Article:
Situational Awareness - Three Examples.
In the world of intelligence operations, we hold in high regard the officer who has good situational awareness. It's a rather broad term but in the arena of self-protection it simply boils down to being aware of what is happening around you. Predators like easy targets. They are not particularly interested in contending with someone who is willing to fight for their life. While its impossible to maintain a high state of alertness every second of the day ( you would probably lose your sanity), you can learn to ramp up your awareness for more vulnerable situations. If you hear a quickening of footsteps behind you, turn around and determine the source. Don't "assume" it is a jogger. Don't use your cell phone in public. And at locations known for crime, pay more attention (like at the gas station).
Situational awareness will obviate most problems. There may come a time when situational awareness is not enough. I have spent countless hours of my life preparing to hedge that bet. That is where knowledge of how to strike and break targets on the human body comes in. It's good to know how and never use it than to wish you knew how when the time comes.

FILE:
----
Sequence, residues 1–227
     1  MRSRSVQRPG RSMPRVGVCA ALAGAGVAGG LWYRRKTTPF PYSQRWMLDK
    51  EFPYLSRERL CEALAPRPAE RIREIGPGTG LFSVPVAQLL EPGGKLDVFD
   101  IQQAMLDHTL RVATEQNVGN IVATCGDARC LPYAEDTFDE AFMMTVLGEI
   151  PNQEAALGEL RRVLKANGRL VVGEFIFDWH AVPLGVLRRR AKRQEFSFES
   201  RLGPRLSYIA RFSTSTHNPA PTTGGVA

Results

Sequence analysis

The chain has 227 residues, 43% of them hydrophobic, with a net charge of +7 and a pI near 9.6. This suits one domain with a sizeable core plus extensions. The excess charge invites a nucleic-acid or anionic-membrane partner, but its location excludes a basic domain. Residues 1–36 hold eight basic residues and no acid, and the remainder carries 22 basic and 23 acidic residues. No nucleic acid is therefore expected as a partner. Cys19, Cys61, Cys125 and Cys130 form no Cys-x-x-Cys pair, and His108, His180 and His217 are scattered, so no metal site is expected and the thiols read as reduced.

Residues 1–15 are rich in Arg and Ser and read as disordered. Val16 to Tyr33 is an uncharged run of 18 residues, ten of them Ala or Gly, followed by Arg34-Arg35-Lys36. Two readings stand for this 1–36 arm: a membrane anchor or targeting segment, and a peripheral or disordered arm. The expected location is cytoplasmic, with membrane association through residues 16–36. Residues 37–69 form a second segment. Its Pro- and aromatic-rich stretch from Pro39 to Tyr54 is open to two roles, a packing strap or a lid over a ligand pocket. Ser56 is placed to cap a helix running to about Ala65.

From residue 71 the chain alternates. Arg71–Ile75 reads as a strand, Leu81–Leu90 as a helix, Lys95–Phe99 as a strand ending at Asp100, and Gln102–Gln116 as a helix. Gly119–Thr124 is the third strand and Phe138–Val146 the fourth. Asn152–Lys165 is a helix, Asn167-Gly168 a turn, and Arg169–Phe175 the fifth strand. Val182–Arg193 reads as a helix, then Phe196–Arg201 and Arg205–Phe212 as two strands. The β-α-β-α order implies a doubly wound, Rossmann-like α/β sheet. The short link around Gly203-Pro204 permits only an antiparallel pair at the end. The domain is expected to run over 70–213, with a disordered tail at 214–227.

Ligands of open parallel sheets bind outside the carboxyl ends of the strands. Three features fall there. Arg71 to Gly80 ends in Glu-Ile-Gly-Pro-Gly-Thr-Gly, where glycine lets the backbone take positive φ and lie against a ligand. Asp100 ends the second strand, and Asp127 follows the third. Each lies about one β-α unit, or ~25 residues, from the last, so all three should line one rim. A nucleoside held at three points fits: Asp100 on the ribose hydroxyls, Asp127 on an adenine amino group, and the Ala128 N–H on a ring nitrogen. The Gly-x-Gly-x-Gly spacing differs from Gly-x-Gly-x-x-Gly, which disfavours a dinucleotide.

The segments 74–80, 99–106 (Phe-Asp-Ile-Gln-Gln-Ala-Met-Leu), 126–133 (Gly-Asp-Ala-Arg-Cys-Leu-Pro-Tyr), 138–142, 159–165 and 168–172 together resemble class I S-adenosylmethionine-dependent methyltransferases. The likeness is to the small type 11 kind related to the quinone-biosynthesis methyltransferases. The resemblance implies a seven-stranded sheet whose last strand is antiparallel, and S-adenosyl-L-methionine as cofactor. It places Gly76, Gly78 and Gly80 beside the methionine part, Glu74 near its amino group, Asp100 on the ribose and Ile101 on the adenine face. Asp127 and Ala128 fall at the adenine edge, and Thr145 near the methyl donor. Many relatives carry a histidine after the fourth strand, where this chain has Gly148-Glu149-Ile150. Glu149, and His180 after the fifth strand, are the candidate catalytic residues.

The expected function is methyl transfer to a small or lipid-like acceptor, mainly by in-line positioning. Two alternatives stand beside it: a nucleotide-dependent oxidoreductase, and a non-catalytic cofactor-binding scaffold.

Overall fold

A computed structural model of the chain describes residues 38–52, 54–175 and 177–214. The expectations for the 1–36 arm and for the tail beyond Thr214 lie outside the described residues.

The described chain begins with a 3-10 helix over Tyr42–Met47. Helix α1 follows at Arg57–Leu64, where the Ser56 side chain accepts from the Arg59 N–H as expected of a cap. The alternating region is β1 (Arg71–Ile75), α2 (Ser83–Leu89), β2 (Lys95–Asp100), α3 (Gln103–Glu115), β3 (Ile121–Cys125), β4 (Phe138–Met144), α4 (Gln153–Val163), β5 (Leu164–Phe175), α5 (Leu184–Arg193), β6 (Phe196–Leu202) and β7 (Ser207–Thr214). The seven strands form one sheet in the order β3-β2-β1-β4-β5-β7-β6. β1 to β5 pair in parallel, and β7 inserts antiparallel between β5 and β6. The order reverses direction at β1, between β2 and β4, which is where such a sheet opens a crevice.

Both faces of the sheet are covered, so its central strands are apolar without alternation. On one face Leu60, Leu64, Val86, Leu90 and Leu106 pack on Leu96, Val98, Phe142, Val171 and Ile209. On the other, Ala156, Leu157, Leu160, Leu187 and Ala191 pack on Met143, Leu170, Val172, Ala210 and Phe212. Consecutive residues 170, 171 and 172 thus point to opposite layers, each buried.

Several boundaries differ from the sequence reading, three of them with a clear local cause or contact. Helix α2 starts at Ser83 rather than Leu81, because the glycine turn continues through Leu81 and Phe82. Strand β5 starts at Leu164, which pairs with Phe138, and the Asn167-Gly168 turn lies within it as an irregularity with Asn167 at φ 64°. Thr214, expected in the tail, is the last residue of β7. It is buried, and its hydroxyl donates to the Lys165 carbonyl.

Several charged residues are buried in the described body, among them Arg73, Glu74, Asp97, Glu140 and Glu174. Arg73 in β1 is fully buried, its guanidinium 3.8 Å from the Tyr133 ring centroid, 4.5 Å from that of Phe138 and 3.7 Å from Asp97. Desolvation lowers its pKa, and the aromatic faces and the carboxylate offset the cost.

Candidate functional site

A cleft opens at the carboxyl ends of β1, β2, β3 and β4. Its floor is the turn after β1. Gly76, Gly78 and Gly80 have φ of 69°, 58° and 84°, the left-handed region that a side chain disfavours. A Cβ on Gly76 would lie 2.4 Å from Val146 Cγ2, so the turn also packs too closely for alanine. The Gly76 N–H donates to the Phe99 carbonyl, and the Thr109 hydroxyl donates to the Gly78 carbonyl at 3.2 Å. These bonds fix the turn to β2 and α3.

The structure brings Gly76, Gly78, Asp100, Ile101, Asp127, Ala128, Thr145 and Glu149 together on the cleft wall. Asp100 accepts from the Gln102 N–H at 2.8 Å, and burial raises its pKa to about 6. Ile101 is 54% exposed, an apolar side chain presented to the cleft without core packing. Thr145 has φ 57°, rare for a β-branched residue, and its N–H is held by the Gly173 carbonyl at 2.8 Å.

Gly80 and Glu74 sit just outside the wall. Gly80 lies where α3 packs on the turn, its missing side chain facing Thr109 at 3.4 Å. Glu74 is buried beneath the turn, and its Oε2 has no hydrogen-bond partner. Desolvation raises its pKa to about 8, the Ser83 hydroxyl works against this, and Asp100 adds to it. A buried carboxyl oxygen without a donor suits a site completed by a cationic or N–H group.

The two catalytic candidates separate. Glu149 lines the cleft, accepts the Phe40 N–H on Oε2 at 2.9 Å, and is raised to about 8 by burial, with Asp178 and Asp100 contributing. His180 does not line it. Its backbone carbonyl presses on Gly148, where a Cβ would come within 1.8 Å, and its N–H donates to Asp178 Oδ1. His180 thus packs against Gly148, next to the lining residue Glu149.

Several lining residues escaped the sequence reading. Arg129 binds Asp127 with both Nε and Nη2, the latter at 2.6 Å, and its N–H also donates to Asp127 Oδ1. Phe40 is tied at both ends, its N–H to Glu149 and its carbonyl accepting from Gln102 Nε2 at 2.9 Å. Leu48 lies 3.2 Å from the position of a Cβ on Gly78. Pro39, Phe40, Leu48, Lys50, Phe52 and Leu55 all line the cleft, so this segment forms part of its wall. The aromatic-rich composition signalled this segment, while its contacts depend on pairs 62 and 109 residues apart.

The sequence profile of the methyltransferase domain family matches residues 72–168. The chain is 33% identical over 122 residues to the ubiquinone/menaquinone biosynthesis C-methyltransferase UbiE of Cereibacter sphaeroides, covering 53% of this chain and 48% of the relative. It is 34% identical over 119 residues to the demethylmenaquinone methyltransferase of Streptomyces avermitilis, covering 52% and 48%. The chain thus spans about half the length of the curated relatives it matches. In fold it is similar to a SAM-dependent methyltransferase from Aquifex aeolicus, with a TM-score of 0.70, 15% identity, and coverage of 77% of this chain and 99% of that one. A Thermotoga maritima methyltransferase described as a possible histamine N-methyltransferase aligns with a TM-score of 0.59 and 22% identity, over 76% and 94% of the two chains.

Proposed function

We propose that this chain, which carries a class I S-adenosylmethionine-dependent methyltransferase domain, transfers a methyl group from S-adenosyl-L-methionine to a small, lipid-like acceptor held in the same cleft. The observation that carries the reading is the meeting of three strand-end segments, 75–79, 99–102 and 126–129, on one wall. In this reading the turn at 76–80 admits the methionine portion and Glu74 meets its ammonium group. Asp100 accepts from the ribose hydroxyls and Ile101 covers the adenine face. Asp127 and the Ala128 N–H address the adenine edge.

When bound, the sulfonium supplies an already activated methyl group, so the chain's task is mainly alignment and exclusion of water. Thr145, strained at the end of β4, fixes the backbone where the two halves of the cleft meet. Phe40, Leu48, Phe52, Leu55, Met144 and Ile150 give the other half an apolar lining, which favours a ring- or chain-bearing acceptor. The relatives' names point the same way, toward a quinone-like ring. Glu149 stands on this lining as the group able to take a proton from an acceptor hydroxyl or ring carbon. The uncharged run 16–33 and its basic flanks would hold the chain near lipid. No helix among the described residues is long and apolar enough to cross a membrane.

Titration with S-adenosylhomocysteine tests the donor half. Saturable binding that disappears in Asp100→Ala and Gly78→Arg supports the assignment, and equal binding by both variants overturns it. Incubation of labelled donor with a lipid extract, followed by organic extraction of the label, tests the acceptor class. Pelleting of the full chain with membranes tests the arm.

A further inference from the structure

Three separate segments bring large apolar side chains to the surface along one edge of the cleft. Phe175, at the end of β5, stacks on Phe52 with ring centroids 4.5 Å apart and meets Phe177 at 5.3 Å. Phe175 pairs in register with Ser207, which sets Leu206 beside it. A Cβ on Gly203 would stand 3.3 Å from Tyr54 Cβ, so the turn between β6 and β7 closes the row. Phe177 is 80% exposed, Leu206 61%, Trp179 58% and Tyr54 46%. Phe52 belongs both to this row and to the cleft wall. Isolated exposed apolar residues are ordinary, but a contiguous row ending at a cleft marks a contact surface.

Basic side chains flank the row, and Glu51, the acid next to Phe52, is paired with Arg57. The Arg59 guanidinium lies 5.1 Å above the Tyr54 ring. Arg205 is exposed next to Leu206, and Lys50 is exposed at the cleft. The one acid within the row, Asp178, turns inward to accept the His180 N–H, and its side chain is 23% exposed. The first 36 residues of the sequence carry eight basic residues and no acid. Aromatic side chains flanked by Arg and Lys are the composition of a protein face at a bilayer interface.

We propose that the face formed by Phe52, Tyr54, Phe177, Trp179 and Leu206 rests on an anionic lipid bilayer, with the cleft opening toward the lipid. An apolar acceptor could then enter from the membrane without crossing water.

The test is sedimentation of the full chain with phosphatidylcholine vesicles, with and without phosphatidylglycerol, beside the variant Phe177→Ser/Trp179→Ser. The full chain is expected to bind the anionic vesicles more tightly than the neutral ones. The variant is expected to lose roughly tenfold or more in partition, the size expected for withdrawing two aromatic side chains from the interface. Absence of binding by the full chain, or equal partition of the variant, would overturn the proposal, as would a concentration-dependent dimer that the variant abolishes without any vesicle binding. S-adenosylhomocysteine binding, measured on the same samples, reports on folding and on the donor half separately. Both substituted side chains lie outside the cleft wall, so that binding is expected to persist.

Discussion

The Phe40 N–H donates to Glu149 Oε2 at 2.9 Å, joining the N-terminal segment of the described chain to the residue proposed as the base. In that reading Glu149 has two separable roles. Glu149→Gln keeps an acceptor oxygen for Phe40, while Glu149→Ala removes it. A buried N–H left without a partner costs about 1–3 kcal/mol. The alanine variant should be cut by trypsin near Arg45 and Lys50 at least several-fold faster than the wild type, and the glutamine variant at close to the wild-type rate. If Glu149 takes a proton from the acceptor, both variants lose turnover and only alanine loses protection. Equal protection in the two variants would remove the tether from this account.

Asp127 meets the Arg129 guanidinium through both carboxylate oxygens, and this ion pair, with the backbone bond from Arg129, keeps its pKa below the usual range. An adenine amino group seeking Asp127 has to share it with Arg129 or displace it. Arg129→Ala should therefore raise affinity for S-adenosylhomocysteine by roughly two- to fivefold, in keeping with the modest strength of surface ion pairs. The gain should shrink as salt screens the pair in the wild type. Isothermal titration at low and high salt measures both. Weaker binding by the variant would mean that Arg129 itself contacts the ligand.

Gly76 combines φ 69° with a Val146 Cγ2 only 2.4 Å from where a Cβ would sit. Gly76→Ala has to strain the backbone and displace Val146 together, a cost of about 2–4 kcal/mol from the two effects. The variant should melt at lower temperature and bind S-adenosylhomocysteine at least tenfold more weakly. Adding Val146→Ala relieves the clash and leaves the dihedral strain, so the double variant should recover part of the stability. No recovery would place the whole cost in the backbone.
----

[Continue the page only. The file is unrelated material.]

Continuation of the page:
Chris Rank-Buhr, creator of Injury Dynamics addresses this issue. He notes that during a violent encounter, "having a single person on the other side who knows what to do, how to act, how to meet that threat with an equal threat can change everything. The balance ceases to be one predator among many prey and becomes at least an even chance. Which is far better than most sane, law-abiding citizens ever get in the face of violence."
Some find the idea of visiting violence upon another human being distasteful and unethical. And indeed it is. But as Chris so adroitly points out: “If someone came to kill your mother, wouldn’t you want her to know how?”
It’s not nice, it’s not comfortable, it is the unthinkable. But grudgingly, in the face of the world of ideas parting like fog before the murderer’s blade, the answer is “Yes.”"